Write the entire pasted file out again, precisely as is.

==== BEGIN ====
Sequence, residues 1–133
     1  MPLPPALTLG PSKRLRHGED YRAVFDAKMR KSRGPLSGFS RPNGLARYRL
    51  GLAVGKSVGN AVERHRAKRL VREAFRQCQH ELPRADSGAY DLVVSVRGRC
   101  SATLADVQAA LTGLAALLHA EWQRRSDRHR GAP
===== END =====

Sequence, residues 1–133
     1  MPLPPALTLG PSKRLRHGED YRAVFDAKMR KSRGPLSGFS RPNGLARYRL
    51  GLAVGKSVGN AVERHRAKRL VREAFRQCQH ELPRADSGAY DLVVSVRGRC
   101  SATLADVQAA LTGLAALLHA EWQRRSDRHR GAP